I was in King’s Books, while searching for the elusive Midnight’s Children by Salman Rushdie (it’s a book club thing), when I overheard the shop girl chatting with a friend about her recent, impressively successful roller derby bout. My eyes stopped scanning the shelves as my ears perked up, and I happily engaged in the timeless habit of ease-dropping.
I don’t remember the particulars of her successes, but I do remember the discussion shifting to the ever increasing popularity of the sport, and at one point the shop girl declared that it was the fasted growing sport in the world! She quickly retracted her certainty, when her friend pressed for citations, but at that point the conversation switched again to the statement that inspired this blog post.
Fine, she said. Maybe it’s not the fasted growing sport in the world (although she was also lacking a citation that says it isn’t, so it very well could be), but if it’s not, the only reason is because it’s a rich white sport.
Her friend barked out a laugh, and said something along the lines of “what?”
The shop girl continued, “Well, you need money. It’s a very expensive sport.”
This was a bit of a heartbreaking moment for me, not so much because of the exact words I’ve conveyed to you, but because while the words “white sport” and “you need money” were jostling around in my head, I realized a bigger conclusion: you need more than money to join roller derby. You need money, you need time, and you need health insurance. And to be 21, but that’s not really part of what I’m talking about.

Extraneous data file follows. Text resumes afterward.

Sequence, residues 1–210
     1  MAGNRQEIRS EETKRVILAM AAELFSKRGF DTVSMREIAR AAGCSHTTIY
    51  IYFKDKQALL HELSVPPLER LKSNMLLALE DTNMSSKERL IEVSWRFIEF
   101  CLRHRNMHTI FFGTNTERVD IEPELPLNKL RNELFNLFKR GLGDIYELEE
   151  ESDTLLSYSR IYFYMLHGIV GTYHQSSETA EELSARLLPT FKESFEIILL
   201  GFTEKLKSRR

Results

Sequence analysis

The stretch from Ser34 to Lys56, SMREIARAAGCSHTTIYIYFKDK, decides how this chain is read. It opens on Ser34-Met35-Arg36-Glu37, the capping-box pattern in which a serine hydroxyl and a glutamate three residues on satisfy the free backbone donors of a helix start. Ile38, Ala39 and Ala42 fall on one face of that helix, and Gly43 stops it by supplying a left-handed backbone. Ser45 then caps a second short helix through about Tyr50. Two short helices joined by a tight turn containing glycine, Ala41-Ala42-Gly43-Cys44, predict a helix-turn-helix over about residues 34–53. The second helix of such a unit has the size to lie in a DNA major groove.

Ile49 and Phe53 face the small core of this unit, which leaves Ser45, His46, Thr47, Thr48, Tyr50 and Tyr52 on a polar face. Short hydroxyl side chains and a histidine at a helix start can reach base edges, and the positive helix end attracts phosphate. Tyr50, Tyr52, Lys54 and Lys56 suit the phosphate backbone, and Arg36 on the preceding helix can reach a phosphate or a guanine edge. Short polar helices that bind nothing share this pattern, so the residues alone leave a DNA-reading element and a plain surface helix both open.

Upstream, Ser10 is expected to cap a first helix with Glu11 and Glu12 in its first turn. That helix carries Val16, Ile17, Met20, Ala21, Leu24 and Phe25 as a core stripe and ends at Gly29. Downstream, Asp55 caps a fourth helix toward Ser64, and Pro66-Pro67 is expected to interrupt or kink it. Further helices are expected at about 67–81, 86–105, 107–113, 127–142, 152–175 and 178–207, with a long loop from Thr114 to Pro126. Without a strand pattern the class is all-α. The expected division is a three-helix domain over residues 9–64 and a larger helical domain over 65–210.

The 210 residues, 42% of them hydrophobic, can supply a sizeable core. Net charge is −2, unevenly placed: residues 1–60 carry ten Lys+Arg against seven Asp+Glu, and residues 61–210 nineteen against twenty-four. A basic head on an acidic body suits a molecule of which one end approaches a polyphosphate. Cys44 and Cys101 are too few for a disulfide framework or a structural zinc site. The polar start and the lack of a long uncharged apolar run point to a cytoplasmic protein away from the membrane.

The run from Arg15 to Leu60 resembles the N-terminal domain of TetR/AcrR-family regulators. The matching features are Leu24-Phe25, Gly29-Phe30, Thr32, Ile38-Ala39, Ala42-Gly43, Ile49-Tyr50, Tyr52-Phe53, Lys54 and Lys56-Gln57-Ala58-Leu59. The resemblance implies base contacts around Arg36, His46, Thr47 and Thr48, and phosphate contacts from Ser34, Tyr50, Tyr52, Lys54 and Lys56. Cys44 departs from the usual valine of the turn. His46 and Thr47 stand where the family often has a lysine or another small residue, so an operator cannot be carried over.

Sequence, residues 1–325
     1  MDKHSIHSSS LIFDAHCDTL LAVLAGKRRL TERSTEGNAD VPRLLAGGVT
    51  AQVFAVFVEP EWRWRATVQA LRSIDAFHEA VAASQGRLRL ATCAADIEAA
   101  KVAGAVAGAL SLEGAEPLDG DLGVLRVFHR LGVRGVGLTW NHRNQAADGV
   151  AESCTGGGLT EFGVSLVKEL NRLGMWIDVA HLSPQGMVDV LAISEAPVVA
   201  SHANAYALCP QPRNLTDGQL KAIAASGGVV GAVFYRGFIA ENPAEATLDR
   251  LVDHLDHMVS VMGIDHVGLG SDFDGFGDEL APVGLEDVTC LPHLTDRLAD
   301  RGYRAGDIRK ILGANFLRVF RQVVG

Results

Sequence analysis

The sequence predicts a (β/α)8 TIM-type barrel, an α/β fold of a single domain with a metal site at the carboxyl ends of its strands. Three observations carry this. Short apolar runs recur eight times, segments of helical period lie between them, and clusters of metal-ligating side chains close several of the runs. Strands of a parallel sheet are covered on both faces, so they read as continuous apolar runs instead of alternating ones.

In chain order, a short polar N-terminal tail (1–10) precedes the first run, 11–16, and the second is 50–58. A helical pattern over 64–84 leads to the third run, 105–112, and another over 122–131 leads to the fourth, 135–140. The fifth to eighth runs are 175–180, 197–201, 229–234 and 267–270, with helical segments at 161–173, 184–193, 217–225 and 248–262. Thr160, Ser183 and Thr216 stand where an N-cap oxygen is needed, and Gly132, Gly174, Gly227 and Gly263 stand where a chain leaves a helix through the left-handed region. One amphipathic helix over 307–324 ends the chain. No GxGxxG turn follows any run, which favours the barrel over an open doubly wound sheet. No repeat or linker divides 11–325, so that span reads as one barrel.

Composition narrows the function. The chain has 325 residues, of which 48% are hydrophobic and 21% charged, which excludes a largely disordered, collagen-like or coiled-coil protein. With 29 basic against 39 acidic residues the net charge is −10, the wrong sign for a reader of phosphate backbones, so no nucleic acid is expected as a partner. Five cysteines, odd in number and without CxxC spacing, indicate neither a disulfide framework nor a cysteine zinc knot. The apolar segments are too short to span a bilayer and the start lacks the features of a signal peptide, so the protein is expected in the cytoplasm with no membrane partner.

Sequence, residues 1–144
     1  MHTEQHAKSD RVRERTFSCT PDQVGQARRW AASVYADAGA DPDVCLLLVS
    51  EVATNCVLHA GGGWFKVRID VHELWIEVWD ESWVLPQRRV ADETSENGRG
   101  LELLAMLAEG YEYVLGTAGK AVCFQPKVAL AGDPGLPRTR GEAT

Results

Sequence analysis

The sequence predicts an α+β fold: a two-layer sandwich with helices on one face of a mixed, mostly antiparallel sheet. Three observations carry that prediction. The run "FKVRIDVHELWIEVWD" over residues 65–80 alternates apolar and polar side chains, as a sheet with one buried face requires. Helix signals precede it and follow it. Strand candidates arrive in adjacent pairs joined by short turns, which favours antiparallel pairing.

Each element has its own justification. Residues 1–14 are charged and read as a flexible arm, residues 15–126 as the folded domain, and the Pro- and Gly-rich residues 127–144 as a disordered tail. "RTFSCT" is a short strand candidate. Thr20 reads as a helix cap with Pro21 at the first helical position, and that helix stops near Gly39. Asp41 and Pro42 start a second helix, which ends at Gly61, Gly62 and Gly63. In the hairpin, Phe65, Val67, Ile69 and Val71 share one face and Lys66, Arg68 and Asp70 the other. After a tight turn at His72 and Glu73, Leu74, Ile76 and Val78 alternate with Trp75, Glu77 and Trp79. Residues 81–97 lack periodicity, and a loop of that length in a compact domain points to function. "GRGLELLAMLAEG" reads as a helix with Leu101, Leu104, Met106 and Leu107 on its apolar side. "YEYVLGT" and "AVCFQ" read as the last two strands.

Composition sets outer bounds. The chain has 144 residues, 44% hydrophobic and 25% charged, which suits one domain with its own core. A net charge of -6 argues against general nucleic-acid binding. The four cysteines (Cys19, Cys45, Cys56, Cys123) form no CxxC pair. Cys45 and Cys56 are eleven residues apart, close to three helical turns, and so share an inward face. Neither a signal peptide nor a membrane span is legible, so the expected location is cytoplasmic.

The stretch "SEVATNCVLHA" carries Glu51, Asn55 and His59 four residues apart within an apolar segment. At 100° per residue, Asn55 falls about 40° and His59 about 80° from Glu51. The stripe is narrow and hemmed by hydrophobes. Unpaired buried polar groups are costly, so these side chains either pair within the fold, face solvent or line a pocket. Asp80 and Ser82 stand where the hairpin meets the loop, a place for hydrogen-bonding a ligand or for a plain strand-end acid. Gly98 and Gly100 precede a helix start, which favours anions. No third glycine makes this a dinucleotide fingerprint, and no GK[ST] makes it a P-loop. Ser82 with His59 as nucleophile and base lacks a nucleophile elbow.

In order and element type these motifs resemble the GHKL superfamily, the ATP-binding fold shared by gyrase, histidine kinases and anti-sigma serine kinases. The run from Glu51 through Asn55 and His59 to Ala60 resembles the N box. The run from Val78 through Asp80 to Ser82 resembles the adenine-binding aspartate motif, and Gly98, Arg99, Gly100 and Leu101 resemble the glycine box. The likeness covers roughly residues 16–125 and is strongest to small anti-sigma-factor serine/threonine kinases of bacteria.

And on the subject of what I’m not talking about, let’s all assume that when she said “white sport” she was talking about the understood idea that white people tend to have more money. I’m too lazy to find a citation, and of course there are exceptions, but for the sake of this article, let’s all let that one go. (Editor’s note: the U.S. census site was broken when I tried to visit. Laziness triumphs over an understanding of the roots and nature of inequality).
Back to my point: roller derby is growing in popularity, looks incredibly fun, and has proven to raise my cool factor every time I mention that I’m going to join. (Seriously, every time I say I’m going to join I am 2 times more cool and 3 times more sexy.) So what’s stopping me? What’s stopping other enthusiastic potential players? Why aren’t I yet on a team?
Let’s walk you through the cost of required gear:
Skates: I bought mine from Wheelz (They don’t actually list much on their website) for $168. The range is from about $115 (which I was advised against) to $300. I’m sure it goes higher.
Helmet: $35 - $50
Knee pads: $28 – $70
Elbow pads: $20 – $50
Wrist guards: $15+
Mouth guard: $3.50 – $25
Padded shorts (optional, but based on some bruises of mine…): $50
Okay, so now you’ve dropped $300. You’re not done. The place I’m interested in charges $50 a month to join their team. Dock Yard Derby Dames charges $35 a month (but there are fewer opportunities for beginners, and I heard they’re about to move to Auburn). Sure, this is less than car insurance or my cell phone bill, but if you’re in poverty, or in school, or just lacking an abundance of cash, it’s a big wall between you and joining.
There really isn’t a way to get around the cost. In soccer or basket ball or football, all you need is a ball and a group of people and a yard. Go, play, win!
Not in the case in roller derby. You need the skates and you need a rink. One way or another you have to pay for it.
This is actually true for any sport you want to be good at, but again, unlike soccer or basketball, you have to go to a designated rink to really get practice in. Derby’s a lot more like swimming. When I did water polo, my practices worked around the pool’s schedule, and I couldn’t go in any time I wanted to do laps.
At Wheelz, the Toxic 253 derby practices are between 8pm and 10pm. I actually like that time slot, because I work in Seattle and at best I get home at 6:30. However, I work in Seattle; I leave my house at 7am. Getting home at 10:30 all sweaty and gross? Not exactly compatible.